Updated on May 25, 2022
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MONDAY, May 2, 2022 (HealthDay News) -- Bella Kofner, a 24-year-old graduate student in special education at the College of Staten Island in New York, was 10 when her parents first told her she had autism. Developmental psychologist Steven Kapp, now 35, was 13 when he was told the same.
So, is there a best time to tell children they have the developmental disorder? New research suggests that younger is better.
Kofner, Kapp and their colleagues answered that question by asking 78 university students about how and when they found out they had autism. For the most part, the investigators found that telling kids when they are younger helped them feel better about their lives as they grew up.
"Talking openly with autistic people about being autistic when they are young may help them grow into adults who feel happier and more comfortable with who they are than they might become if they don't learn this key information about who they are until later in life," said lead study author Kristen Gillespie-Lynch, an assistant professor of psychology at the College of Staten Island.
"Learning that one is autistic at a younger age can aid better self-understanding as well as access to support, which in turn lays a foundation for well-being as an adult," added study author Tomisin Oredipe, a graduate student at the College of Staten Island. The new study, which was published recently in the journal Autism, is based on Oredipe's thesis paper.
It's not just age that matters though, Oredipe said. Other factors include your child's developmental level, curiosity, support needs and personality.
Sooner better than later
"Almost more important than when an autism diagnosis is disclosed is how it is disclosed," said Kapp, a lecturer in psychology at the University of Portsmouth in Hampshire, England. Make sure to talk about your child's strengths as well as their challenges in a language they can understand, he said. "My mother said my brain worked differently, and I thought that was a good explanation," recalled Kapp.
It doesn't have to be a one-and-done conversation either. "Do it in pieces over time," Kapp added.
The new findings mirror what Robert Naseef sees in his practice. He is a psychologist in Philadelphia and a member of the Autism Society of America's panel of professional advisors.
"Some of the best-adjusted people in college and beyond knew about their autism all along, just like it was the color of their hair," said Naseef, who was not involved in the new study.
The findings don't necessarily apply to people with autism who are non-speaking or minimally verbal, he noted. "If they don't have the vocabulary and the ability to understand, then we just help them grow as best we can," said Naseef. His adult son is non-speaking.
How do you know the time is right? It may be time if and when your child starts asking questions like, "Why do I have a special speech teacher or a helper in school?"
Therapists, teachers can help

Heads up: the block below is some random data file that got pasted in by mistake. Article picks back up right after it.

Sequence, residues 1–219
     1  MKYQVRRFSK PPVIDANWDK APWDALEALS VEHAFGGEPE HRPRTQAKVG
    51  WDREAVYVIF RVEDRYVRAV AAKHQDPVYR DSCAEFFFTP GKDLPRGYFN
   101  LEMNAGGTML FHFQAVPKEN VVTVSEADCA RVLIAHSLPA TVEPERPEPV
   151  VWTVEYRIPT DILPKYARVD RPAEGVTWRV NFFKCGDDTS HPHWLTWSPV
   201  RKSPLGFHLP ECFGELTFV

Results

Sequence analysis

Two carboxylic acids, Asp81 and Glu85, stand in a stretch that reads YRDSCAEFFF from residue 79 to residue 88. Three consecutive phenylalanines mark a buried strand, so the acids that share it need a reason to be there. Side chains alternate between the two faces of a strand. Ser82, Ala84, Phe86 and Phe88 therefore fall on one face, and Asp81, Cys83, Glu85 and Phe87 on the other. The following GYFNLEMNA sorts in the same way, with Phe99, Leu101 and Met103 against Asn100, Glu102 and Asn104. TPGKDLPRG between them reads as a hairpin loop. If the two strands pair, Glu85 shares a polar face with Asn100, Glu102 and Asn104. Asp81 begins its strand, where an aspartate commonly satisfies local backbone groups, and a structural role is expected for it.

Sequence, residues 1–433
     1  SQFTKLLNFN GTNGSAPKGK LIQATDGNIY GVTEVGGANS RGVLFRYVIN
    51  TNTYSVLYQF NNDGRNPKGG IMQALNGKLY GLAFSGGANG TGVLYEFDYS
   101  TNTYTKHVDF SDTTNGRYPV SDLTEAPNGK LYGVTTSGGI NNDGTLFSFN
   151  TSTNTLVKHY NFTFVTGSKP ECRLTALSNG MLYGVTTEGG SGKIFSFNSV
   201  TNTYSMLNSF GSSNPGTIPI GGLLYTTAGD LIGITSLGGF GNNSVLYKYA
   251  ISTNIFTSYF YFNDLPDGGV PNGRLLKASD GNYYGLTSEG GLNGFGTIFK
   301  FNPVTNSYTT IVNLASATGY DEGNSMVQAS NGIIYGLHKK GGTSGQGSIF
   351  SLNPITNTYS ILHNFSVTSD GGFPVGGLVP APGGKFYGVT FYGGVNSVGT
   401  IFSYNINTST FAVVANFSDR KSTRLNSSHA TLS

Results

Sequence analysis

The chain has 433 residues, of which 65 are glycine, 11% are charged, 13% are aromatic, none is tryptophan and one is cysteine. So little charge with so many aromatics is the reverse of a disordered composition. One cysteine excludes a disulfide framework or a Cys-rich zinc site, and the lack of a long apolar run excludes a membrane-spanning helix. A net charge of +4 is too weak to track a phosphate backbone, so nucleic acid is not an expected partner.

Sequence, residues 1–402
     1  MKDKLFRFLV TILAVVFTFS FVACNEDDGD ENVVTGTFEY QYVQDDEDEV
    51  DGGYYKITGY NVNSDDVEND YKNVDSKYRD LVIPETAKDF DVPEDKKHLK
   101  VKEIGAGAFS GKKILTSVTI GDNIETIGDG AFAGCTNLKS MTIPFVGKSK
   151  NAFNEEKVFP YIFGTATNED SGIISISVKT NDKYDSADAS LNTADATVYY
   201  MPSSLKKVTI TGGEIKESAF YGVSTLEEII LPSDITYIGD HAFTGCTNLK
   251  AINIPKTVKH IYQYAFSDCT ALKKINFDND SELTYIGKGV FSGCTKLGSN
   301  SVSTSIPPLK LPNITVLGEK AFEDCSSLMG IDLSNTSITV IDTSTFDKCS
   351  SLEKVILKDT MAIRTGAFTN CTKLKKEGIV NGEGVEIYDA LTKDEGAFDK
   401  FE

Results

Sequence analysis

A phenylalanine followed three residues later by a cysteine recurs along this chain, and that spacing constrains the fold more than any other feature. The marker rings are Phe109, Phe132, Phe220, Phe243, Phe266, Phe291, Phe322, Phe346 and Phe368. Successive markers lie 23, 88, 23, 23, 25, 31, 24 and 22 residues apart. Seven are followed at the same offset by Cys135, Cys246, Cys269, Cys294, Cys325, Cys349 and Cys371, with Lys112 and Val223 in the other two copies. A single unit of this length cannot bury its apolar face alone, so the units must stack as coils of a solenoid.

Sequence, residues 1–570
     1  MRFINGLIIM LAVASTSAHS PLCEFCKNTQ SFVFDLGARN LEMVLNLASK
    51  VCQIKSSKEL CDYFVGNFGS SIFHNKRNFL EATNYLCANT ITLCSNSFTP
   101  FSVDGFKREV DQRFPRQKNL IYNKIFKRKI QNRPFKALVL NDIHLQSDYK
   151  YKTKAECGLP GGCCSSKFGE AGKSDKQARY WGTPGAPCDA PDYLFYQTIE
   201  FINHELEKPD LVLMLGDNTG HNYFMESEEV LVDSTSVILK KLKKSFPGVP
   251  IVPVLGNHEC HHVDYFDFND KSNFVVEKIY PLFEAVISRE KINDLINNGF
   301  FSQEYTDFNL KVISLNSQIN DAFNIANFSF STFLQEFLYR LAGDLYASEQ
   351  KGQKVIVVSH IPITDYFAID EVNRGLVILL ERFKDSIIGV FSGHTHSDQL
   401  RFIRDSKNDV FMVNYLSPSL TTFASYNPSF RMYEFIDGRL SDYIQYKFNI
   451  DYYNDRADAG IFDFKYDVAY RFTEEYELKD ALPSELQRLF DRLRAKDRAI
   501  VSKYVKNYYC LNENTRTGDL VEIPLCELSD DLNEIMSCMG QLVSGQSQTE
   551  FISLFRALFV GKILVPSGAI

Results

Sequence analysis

"Parents can say 'you learn differently' or 'your brain is different' and stress their child's strengths as well as their challenges," Naseef said.
Don't miss this window. "If parents aren't talking to their child somebody else might, and they would rather hear it from you versus on the playground," he said.
Some parents feel most comfortable having the conversation at home and others want a psychologist or psychiatrist to be there, said Dr. Melissa Nishawala. She is the director of the Autism Spectrum Disorder Research and Clinical Program at Hassenfeld Children's Hospital at NYU Langone Health in New York City.
"Parents don't have to get it exactly right on the first try and don't need to explain every detail," said Nishawala, who had no ties to the research. "There will be many opportunities to revisit and clarify."
Deciding when to share your child's diagnosis with them is a very personal decision, said Lindsay Naeder, vice president of services and support and community impact for Autism Speaks.
"Your child may or may not seek more information and ask you questions after your initial discussion," said Naeder. "All children, especially those with autism, need to hear certain information multiple times."
Help them understand how you, their teachers and therapists all want to help them. "Don't forget to remind them that everyone needs help sometimes," she said.
It may comfort your child to hear that autism is common and that there are many children like them, Naeder added.
The Autism Society has more information on available services and therapies for people with autism.
SOURCES: Bella Kofner, graduate student, College of Staten Island, New York City; Steven Kapp, developmental psychologist, lecturer, psychology, University of Portsmouth, Hampshire, England; Kristen Gillespie-Lynch, PhD, assistant professor, psychology, College of Staten Island, New York City; Tomisin Oredipe, graduate student, College of Staten Island, New York City; Robert Naseef, PhD, psychologist, member, Autism Society of America's Panel of Professional Advisors, Philadelphia; Lindsay Naeder, vice president, services and support and community impact, Autism Speaks; Melissa Nishawala, MD, director, Autism Spectrum Disorder Research and Clinical Program, Hassenfeld Children's Hospital, NYU Langone Health, New York City; Autism, April 11, 2022
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